8. Rachel says:

    ah, the joys of beauracracy at work! It makes me feel all fuzzy inside.

  9. Jazz says:

    Ticknart – I wish it was baguette!! Actually in Quebec (well, Montreal really) you have both French and English hospitals since there are enough anglos to support them. Both work in both languages… Just another layer of bureaucracy.Guillaume – um… yeah.UA – I think you get the same level of care in both. Why they don’t just do a super duper super hospital that all the universities can use is beyond me. But I’m sure both sides are against it.Citizen – they pretty much do. But we like to keep things complicated.TG – Most people do. Neither side will compromise.Joce – this morning on the radio, they were saying certain hospitals have more like an 18-20 hour wait. For some reason, more emergencies are coming in.Guillaume – Aren’t you supposed to comment on people’s posts, rather than hijack their comment section to answer comments they got? Just sayin’Rachel – Make sure the fuzziness isn’t some sort of bug. And if it is, don’t come to montreal to get it fixed…

  10. Dead on about hijackers! They should be shot down in flames…or you should have them take a very close look at your ex-oven 😉

  11. Guillaume says:

    “Aren’t you supposed to comment on people’s posts, rather than hijack their comment section to answer comments they got? Just sayin'”I am sorry, I thought we could comment on the comments, and give a bit of explanation about the situation as well.

  12. Jazz says:

    Pirate – ????Guillaume – Blog etiquette. You can comment on other people’s comments but usually people keep it short, or go onto email. No problem.

  13. Ian Lidster says:

    If you’re fluently bilingual, which one do you go to?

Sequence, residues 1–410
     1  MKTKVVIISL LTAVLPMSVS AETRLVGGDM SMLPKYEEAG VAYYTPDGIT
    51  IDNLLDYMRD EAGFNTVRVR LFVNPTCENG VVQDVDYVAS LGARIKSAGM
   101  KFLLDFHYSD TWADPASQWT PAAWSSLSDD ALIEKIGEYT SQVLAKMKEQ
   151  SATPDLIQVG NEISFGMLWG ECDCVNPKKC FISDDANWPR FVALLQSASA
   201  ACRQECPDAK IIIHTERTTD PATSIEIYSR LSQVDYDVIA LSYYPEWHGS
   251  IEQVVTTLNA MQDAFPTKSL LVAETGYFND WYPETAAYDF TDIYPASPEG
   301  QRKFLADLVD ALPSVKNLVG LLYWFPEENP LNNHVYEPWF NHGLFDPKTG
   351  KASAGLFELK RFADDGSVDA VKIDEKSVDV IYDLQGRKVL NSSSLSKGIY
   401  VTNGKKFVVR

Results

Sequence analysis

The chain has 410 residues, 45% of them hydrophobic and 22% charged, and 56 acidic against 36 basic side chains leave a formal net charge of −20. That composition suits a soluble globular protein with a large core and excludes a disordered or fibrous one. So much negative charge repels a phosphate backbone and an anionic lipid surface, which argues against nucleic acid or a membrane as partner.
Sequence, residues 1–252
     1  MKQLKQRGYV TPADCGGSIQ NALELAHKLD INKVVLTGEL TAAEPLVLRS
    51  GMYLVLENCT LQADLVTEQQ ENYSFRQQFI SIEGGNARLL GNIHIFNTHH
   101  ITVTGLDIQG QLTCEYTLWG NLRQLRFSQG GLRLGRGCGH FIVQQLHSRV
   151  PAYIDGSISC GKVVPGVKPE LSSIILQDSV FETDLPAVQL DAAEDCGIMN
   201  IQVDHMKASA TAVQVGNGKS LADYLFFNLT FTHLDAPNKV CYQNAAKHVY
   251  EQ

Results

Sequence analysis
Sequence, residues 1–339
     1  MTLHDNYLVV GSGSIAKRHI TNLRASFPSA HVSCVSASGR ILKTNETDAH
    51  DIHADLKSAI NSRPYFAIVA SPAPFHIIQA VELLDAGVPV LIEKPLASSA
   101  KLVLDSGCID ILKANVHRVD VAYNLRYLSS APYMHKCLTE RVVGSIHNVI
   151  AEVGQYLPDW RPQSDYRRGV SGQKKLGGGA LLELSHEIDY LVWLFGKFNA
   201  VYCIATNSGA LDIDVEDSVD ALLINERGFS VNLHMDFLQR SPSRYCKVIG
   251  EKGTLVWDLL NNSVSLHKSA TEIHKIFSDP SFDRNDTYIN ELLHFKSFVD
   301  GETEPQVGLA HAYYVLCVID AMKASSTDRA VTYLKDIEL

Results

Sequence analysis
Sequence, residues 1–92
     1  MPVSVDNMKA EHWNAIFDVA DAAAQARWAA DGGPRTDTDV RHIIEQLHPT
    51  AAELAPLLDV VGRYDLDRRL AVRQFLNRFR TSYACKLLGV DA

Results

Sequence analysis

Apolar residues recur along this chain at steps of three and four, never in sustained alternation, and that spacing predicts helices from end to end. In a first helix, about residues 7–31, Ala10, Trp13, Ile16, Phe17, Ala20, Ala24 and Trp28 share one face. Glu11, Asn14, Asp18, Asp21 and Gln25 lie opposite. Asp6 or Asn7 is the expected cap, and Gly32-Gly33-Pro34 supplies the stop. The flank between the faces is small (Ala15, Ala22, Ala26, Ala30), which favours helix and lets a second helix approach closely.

14. Hagelrat says:

    sooo stay well unil 2025.

  15. Jazz says:

    Ian – You flip a coin and hope for the best.Hagel – Um.. yeah. I work in construction and it never works out as planned. Evah!

  16. xup says:

    Uh oh – I didn’t know there were commenter rules…I just was wondering how things get like this (the hospital silliness, not the commenter rules). Most human beings aren’t completey obtuse, so who are the people behind some of this inane decisions? It’s just not possible that all obtuse people get jobs as heads of some decision-making thing, is it?

  17. Jazz says:

    XUP – Ever heard of the Peter Principle? You work in government, you must run into this all the time.

  18. Urban Animal says:

    jazz, if you allow me to break the etiquette for a moment… Guillaume when you say “People will naturally prefer to get services in their mothertongue. I have been to English and French speaking hospitals and while I am bilingual, it is more reassuring and practical to communicate in your mothertongue.” People? How do you know people will naturally prefer that option? You know all people? Well, I must be *the* weird one. FYI I’m also fully bilingual, born and bred (in Montreal-Nord no less lol) and have been in Toronto since 1984. So I fully understand both languages. I don’t think I’d find it any more comforting to have services in my mothertongue to be honest. To me, getting the best care is what’s important, not to have it en francais ou en anglais, but then that’s just me.